Germany’s long lasting Fusion Festival, a non-profit neo-hippie extravaganza that regularly attracts around 70.000 people, might be the main influence for these new festivals and even Melt! Festival can’t ignore that. They got new smaller stages hidden in the woods around the sea, all with wooden benches, lovely decoration and less obvious DJ superstars spinning tunes here. This is the place where you suddenly find yourself dancing to 80s italo disco around 5 a.m. in the morning. This is where a DJ like Luz1e delivered finest Balearic break beats which I haven’t heard in years. Those were the places of surprise, away from the big cooperate stages, tobacco advertisement and food corners. Melt! cleverly created its own counter festival and included it within their own festival ground. Not bad, not bad.

Photo by Stephan Flad

Still, this whole issue brings us to a general problem the event is facing – it surely gets more and more difficult to attract such a diverse audience, one that seeks for a different notion in a festival than just seeing the music they love live on stage. Melt! hasn’t sold out in years and although it officially always communicates 20.000 people the number feels a bit lower on the ground. But that is also partly due to the fact that people tend to split between those countless floors and as a festival visitor it’s a nice thing to actually get a good spot in front of the main stage only three minutes before the band starts to play. The question is whether this works from an economic perspective as well. With this variety of new smaller festivals with a similar and more authentic escapism/ hippie-esque approach a lot of younger people struggle to pay the almost 130 Euro a Melt! festival ticket costs when you can have a more cosy feeling for half the price. And on the other hand people of my generation find it harder and harder to keep track with that ‘hot new shit’. Melt! Festival‘s bigger and more mainstream-focussed ‘brother’, Berlin’s Lollapalooza is currently trying to fill exactly that gap by saying ‘Look, we got a band for everyone and you don’t even have to leave the city for it.’ It’s an efficient yet soulless concept. Melt! is trying to work against that the best way it can and the great carefully curated programme as well as its reputation (During their headliner set, The xx stated multiple times how much they love the event) plus the stunning Ferropolis area really create their own magic.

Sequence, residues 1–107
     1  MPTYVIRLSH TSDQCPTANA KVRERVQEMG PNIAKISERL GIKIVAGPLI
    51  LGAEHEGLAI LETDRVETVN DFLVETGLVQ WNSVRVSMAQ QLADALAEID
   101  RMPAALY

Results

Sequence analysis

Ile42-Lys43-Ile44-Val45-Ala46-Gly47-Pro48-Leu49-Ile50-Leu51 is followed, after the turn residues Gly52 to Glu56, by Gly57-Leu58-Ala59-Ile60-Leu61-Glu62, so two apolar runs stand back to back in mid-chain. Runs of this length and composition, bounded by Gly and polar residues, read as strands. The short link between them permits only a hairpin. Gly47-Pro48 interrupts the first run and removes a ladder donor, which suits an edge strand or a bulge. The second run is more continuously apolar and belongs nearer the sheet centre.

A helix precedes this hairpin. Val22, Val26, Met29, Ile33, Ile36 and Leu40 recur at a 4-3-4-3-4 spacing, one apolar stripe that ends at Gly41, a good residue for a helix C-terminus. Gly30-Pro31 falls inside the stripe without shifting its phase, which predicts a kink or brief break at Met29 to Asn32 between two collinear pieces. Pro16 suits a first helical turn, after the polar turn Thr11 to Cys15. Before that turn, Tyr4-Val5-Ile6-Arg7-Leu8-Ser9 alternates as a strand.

Maybe downsizing isn’t even the worst thing to do but the organizers have to actually embrace the idea.

In 2018 Melt! cut down its second headliner stage and split the bands on other stages which worked pretty well. The European festival landscape is drastically changing. Smaller festivals with a lot of heart and little profit might remain due to a strong connection with their audience while the truly big mainstream festivals will also stay due to the sheer amount of money and bands they can come up with. Melt! however is in the middle of it like many other festivals. It got its reputation but it appears to be still looking for a new place after two decades in the international festival scene. However, adaptation has always been a strong quality of the event so I’m confident to attend once more in the future… but probably a bit earlier than 2025, I hope.

Photo by Stephan Flad